The justifiable concern the EU have is of a Tory “low regulation low tax low standard of living” regime that gives a competitive advantage, where whole reams of EU standards can be bypassed and undermined by shipping from the UK through NI and RoI. For example, how will the EU prevent e.g. chlorinated chicken that we import from the US (under a future one-sided trade deal) from entering their food supply?

    Belfast would likely become a major international shipping terminal as a backdoor route for goods that don’t comply with EU standards.

    If there is no agreement for policing UK-sourced or UK-transited goods, the EU will be forced into one of a limited set of options:
    1. breach the GFA and police the NI border
    2. alter RoI status, breaching the fundamentals of the EU
    3. seek international action against the UK through e.g. the WTO
    4. any other options?

  43. Colin: Well we can agree on the Stupidity of being a part of an organisation with such an approach to fiscal matters.
    No, we can’t agree, because you are twisting my application of the word Stupidity away from the vote for Brexit

    Its great that you can sit there and console yourself-but David Davis & his team have to respond to the problem on behalf of UK taxpayers & voters.
    Well, they should know the answer already. Or are you telling me that Leave’s arguments from before the referendum as to why there was no RAL have been demolished. Or worse, are you telling us that they calculated £350 million a week for the health service, they missed this out.

    Come on, only last week Boris told us there is definitely £350 million a week, so he must have taken RAL into account. Oh wait, it’s Boris. He said the EU can whistle for the money. That must be right, what’s wrong with me sitting here consoling myself it is Stupidity when David Davis & his team have to respond to the problem on behalf of UK taxpayers & voters. Boris already has the answer.

    And we are all going to trade with places we have never heard of in Unicorns and Pixie dust and keep it all to ourselves and become rich enough to pay RAL 7 times over. So tell me, why should anyone waste their time on it.

  44. Good afternoon to all at UK Polling.

    Whilst leaving the EU is an ongoing issue, we really need to see the bigger picture here and accept that the majority of the British people have accepted the result and want us out as soon as possible.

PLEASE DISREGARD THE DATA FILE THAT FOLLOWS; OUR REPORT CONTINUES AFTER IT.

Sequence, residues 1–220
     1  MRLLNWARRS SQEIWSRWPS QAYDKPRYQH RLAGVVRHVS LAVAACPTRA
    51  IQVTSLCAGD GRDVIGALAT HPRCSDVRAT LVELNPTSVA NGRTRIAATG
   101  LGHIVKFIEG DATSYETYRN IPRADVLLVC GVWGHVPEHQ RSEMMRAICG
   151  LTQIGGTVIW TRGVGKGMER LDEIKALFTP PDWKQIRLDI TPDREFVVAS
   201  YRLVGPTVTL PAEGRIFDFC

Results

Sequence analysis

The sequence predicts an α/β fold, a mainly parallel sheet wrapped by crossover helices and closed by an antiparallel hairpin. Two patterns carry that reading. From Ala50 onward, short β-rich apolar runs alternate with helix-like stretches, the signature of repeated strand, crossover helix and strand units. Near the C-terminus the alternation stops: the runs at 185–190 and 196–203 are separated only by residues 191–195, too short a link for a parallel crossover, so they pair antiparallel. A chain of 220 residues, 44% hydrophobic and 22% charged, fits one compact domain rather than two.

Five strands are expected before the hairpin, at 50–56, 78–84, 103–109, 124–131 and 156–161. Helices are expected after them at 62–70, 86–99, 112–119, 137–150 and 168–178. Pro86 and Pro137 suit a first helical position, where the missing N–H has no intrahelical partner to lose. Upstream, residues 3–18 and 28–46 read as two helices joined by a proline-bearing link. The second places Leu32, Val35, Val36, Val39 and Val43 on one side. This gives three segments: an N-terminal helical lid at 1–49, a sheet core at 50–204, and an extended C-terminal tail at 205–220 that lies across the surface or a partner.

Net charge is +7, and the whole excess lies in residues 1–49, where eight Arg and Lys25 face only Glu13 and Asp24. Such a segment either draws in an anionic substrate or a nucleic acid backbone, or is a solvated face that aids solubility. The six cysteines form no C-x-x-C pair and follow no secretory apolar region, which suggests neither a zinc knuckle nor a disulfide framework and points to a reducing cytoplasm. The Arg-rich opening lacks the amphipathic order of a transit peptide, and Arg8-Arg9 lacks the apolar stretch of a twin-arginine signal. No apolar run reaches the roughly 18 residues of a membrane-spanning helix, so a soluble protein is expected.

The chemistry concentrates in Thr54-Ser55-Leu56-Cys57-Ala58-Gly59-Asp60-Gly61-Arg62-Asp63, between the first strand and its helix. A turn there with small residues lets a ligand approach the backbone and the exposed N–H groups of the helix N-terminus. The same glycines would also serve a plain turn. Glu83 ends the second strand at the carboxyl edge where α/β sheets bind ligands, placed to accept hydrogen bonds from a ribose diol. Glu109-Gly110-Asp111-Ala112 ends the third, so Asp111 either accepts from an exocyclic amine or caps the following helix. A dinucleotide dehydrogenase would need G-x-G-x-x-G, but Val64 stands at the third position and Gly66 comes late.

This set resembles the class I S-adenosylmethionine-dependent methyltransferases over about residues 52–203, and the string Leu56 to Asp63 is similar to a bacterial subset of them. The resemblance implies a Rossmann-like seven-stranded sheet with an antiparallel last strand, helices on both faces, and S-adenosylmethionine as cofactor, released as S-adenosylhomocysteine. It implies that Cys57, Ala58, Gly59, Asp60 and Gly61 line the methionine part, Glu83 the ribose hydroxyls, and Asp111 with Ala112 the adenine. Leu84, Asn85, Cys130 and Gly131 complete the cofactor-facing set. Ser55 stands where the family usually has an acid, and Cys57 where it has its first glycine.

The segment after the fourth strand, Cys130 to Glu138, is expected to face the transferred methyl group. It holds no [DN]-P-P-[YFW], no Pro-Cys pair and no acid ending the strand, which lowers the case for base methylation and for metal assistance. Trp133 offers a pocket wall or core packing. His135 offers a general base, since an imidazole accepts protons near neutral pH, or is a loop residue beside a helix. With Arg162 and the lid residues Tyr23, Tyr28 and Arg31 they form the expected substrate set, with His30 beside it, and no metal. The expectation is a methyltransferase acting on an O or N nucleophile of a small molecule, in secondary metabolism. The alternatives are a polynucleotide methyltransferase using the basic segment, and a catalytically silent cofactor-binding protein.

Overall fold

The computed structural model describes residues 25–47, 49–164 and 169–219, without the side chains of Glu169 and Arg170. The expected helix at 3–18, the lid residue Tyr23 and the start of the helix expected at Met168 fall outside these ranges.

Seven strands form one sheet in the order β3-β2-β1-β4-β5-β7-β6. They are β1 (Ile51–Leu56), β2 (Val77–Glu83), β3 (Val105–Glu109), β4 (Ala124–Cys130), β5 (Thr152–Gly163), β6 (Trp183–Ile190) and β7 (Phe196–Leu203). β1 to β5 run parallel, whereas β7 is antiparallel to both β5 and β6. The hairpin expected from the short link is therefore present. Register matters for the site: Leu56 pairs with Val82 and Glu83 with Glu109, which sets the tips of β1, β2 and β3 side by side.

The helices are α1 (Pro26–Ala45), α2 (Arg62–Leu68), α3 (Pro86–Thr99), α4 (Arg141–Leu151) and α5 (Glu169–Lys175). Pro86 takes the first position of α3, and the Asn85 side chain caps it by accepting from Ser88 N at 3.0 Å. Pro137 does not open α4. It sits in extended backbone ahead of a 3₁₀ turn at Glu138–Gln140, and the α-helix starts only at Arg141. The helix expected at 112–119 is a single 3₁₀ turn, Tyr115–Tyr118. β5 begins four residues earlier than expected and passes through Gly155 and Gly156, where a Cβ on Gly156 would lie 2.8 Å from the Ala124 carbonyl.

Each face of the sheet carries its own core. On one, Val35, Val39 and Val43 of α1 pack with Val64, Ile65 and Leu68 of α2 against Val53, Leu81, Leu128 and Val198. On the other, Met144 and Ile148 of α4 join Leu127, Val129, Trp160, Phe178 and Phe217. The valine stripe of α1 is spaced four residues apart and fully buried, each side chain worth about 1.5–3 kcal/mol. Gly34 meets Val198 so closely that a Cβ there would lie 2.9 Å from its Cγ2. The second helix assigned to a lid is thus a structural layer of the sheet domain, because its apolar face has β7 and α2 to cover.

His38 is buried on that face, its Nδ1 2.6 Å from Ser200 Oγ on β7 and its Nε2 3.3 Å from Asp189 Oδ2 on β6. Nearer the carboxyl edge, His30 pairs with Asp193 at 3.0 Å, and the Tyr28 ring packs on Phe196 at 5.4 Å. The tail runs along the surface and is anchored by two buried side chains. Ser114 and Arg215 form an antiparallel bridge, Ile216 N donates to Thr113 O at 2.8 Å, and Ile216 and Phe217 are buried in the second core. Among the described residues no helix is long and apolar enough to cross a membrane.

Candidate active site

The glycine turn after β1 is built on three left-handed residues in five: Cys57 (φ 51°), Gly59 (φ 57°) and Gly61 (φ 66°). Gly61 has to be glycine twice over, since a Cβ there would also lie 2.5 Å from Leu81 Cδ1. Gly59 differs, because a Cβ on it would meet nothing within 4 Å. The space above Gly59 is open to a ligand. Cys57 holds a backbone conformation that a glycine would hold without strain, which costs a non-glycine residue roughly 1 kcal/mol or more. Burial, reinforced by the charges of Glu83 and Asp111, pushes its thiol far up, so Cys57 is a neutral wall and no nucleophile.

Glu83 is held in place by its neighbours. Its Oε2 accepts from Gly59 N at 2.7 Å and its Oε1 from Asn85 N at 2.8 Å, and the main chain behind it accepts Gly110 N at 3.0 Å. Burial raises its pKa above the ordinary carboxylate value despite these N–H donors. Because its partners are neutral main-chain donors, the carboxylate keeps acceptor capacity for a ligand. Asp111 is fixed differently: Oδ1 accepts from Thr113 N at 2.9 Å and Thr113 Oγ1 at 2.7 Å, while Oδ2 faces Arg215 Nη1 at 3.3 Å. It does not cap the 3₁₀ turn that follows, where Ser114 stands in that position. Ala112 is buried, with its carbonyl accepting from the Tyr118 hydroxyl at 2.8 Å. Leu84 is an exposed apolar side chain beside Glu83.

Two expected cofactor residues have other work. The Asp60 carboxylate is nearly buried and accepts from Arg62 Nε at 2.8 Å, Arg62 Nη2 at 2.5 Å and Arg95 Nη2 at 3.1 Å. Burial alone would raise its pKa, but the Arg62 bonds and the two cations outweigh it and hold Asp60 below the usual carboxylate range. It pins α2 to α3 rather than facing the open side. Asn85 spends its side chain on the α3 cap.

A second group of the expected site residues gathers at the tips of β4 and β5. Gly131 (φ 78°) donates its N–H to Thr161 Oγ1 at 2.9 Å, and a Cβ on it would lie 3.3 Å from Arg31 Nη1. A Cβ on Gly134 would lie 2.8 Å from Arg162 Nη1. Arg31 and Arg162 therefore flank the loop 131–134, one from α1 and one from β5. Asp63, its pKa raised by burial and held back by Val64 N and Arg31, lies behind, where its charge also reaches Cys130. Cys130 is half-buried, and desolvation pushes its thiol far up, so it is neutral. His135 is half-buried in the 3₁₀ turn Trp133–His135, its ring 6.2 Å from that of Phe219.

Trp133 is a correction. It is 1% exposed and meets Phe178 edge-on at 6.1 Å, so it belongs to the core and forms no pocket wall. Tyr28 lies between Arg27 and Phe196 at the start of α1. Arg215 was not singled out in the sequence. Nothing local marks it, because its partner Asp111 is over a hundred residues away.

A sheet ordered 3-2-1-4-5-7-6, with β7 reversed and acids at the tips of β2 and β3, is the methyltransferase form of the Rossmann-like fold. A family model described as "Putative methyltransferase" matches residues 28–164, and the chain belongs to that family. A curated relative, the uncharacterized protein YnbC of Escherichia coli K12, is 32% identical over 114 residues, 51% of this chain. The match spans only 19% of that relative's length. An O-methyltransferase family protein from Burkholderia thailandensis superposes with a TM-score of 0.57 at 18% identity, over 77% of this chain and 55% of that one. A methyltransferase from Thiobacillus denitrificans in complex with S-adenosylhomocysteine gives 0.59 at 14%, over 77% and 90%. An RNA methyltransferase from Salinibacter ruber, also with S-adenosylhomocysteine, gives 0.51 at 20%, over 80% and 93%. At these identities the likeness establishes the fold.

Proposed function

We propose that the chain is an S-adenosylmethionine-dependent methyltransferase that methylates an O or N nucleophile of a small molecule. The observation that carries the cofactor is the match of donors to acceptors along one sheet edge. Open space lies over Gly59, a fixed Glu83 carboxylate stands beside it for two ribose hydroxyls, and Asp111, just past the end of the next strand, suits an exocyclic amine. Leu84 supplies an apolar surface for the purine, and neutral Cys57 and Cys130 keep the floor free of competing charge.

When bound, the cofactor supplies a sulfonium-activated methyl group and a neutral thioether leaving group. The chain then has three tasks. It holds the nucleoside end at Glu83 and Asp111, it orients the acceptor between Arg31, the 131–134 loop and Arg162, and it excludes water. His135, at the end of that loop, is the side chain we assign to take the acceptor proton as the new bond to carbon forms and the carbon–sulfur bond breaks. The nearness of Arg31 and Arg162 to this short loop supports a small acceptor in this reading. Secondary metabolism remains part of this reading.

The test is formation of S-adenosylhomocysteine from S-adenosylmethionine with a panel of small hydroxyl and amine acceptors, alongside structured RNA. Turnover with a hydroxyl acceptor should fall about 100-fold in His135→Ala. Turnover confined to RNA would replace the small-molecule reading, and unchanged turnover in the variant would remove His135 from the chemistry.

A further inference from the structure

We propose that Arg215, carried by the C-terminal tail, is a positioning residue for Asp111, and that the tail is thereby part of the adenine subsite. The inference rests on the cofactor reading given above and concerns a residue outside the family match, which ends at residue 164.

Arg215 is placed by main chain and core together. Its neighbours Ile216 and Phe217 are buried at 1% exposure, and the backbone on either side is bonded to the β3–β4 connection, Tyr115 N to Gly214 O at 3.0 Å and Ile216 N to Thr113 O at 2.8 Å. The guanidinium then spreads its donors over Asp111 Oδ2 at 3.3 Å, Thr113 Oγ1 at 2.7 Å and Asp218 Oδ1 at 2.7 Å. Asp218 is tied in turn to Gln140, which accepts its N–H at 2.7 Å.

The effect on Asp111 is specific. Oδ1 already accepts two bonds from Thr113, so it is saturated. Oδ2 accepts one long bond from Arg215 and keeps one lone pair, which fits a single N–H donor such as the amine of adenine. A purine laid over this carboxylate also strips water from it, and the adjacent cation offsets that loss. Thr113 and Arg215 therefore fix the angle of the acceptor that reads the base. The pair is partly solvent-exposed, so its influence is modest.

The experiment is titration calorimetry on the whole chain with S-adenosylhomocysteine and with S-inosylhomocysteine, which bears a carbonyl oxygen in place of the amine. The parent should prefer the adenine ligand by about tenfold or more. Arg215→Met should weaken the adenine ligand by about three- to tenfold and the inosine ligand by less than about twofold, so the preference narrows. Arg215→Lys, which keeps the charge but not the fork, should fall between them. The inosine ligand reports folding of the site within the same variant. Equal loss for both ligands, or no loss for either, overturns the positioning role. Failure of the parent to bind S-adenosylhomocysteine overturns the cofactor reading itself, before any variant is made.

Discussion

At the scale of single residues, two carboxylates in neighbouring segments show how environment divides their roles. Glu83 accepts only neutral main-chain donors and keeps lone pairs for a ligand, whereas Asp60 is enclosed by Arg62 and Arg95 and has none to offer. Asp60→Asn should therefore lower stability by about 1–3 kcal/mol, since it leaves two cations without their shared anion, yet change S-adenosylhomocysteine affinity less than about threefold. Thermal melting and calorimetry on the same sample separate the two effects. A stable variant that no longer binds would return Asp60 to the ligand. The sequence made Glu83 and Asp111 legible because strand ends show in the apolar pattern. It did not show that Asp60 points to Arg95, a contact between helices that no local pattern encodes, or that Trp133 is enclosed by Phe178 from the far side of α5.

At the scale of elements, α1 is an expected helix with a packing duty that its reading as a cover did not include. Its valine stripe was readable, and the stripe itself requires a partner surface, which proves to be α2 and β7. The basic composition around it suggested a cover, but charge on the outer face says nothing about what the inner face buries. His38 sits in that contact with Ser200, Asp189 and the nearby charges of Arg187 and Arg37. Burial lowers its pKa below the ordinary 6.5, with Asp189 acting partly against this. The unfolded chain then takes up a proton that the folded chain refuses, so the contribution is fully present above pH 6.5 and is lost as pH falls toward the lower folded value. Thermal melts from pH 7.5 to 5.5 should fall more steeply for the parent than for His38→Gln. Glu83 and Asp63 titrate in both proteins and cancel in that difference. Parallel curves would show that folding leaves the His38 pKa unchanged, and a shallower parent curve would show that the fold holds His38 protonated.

Their are great debates to be had about unfairness, injustice and poverty that exist throughout the kingdom, not to mention what sort of foreign policy we should have.

    Last night’s Stop the War event at conference was inspiring and lots of fresh ideas were discussed.

    When Jeremy crosses the threshold of No 10. British foreign policy will look a whole lot different to the “managed decline” we have seen since the end of the war and the retreat from Empire. At its heart will be fairness and equality for all.

    So I say to you all, the EU argument is over, let us all, whatever our political hue, prepare for life after. No longer will we be looking over our shoulder at EU commissioners, our MPs will answer to us, the people.

    As it should be.

  45. WB

    But of course MO isn’t just saying-not me guv-your problem.

    He says UK must pay up-whatever is asked of them. I have tried to demonstrate that what I believe to be the single biggest fiscal item on Barnier’s list -RAL- is , to say the least subject to a number of questions.

    Even Remainers of the determined variety should support DD in not paying for things which are unreasonable-or non-existent.

    Unless of course, they are so full of resentment at the Referendum result that UK’s interests post Brexit are now of secondary importance to those of the EU.

  46. Alec

    “You do rather astonish me sometimes with your pathological inability to understand.”

    We are back to the ad hominems I see. Well I answered all your points and you don’t have a leg to stand on. I am happy to leave it at that.

  47. @Colin – “Well we can agree on the Stupidity of being a part of an organisation with such an approach to fiscal matters.”

    Does my memory serve me well here, but I do recall you making much of the UK’s unfunded state sector pension liabilities once upon a time, saying they really should be counted as part of government debts?

    Sauce, goose and gander again, perhaps?

  48. @Rudyard

    “the majority of the British people have accepted the result and want us out as soon as possible”

    I think a better wording would be “the majority of the British people are completely fed up with Brexit and just want it to go away as soon as possible.”

  49. RUDYARD

    @” our MPs will answer to us, the people.”

    Which “people” though

    Mine will be answering to his voters-hopefully.

    But I have feeling that the one in the neighbouring constituency might be answering to Momentum. & Labour Members.

    :-)